Academic journal article The Canadian Journal of Higher Education

Do Postsecondary Internships Address the Four Learning Modes of Experiential Learning Theory? an Exploration through Document Analysis

Academic journal article The Canadian Journal of Higher Education

Do Postsecondary Internships Address the Four Learning Modes of Experiential Learning Theory? an Exploration through Document Analysis

Article excerpt

Introduction

The importance of integrating students' classroom learning with real-world practical experience has been recognized as a vital component of student engagement and development in higher education (Kuh, 2008). Postsecondary institutions have responded by incorporating various forms of work-integrated learning opportunities including internships, practica, cooperative education, placements, and apprenticeships. Currently, there are over 580,000 full-time students enrolled in postsecondary education in Ontario (Hicks, Weingarten, Jonker, & Liu, 2013; Weingarten, Hicks, Jonker, & Liu, 2013). Recent research conducted by the Higher Education Quality Council of Ontario on the interest in and participation of Ontario postsecondary students in work-integrated learning opportunities indicated that 47.6% of students in direct-entry postsecondary programs will have completed a work-integrated learning experience by the time of graduation (Sattler & Peters, 2013). This does not take into account the vast number of work-integrated learning opportunities offered by second-entry and graduate programs.

Student internships, the focus of this study, are an increasingly common experience for postsecondary students (Hergert, 2009). They have been recognized as an effective way to bridge classroom learning with professional practice (Baird, 1996; Paris & Adams, 1994) and have been referred to as an integral aspect of educational and professional development (Jowdy, McDonald, & Spence, 2004; Schmutte, 1986). Although numerous authors have provided definitions of what an "internship" may constitute relative to institutional practice (Moore, 2010), study parameters (Alpert, Heaney, & Kuhn, 2009; Gault, Leach, & Duey, 2010), or a global typology of work-integrated learning (Sattler, 2011), no standard definition of "internship" exists. There is however, consensus among all the definitions proposed in the extant literature that internships are meant to be educational and should provide structured, meaningful, and career-relevant experiences for students. Despite these points of consistency, discrepancies exist regarding the suggested time commitments (e.g., full time or part time, duration of internship), compensation (e.g., paid or unpaid), and the specific academic requirements of students who engage in internships (e.g., timing of internship in academic program, opportunity for course credit). In addition to the different definitions of internship, it is notable that they are not always clearly distinguished from other work-integrated learning opportunities, such as cooperative education, apprenticeships, placements, and practica.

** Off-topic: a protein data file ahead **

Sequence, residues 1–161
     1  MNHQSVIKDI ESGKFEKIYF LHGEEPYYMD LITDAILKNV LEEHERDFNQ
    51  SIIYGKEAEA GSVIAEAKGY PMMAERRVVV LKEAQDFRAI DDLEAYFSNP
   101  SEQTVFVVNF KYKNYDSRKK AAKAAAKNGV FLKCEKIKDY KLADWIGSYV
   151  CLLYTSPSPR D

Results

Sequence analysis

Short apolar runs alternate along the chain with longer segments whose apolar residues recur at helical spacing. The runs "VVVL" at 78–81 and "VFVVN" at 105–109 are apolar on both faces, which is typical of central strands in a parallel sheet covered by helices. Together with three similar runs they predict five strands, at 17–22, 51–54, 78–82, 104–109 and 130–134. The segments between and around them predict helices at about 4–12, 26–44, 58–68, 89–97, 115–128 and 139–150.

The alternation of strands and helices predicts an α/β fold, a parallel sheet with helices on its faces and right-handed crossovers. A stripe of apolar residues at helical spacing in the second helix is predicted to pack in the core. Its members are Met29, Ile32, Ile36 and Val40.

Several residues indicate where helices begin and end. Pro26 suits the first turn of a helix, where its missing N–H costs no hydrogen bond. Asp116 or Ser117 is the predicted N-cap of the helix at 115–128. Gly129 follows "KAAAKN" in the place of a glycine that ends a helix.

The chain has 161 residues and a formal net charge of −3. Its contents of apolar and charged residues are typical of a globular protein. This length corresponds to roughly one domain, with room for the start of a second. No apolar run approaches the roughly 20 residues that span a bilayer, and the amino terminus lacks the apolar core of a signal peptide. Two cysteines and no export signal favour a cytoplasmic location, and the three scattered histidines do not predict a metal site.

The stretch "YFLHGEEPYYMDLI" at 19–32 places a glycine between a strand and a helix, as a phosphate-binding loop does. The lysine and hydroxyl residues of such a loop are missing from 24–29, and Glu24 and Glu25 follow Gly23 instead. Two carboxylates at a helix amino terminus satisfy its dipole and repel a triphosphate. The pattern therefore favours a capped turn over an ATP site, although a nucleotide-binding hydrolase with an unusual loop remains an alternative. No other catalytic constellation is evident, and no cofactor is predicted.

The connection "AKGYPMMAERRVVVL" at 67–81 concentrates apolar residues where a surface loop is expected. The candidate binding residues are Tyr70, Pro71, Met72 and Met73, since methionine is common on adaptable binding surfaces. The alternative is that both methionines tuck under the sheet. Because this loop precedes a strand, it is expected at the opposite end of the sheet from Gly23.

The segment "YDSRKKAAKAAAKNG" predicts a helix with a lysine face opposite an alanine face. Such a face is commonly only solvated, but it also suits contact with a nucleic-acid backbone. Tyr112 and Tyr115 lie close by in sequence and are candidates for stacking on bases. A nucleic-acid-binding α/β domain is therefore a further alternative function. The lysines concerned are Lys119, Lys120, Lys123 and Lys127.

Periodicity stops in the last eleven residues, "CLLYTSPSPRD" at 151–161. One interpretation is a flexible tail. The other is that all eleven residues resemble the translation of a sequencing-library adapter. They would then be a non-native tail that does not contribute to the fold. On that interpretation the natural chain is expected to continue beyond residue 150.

Although the definition of internship remains unclear, they are viewed as beneficial for all parties-the student, institution, and employer-as they are believed to provide hands-on practical experience (Baird, 1996; Kuh, 2008; Paris & Adams, 1994), solidify knowledge learned in the classroom (Sattler, 2011; Schmutte, 1986), impart career exploration and preparation (Gault et al., 2010; Sattler, 2011), enhance an individual's understanding of personal characteristics (Tovey, 2001), build stronger resumes (Coco, 2000; Divine, Linrud, Miller, & Wilson, 2007), and introduce up-to-date knowledge and new ideas within organizations (Knemeyer & Murphy, 2002; Sattler, 2011; Thiel & Hartley, 1997). Despite these reported benefits, however, numerous challenges associated with internships have been cited, including effective transfer of student learning from educators to practitioners (Ciofalo, 1992; Kolb, 1984; Tovey, 2001), administrative challenges (Sattler, 2011), insufficient funding (Sattler, 2011; Schmutte, 1986), legal considerations (Moorman, 2004), student involvement in meaningless tasks, and lack of stakeholder interest (Schmutte, 1986).

Of greatest importance, challenges exist in ensuring that internships are educational for students. It is far too easy to assume that all experiences are educational when in fact this is far from the truth (Moore, 2010). …

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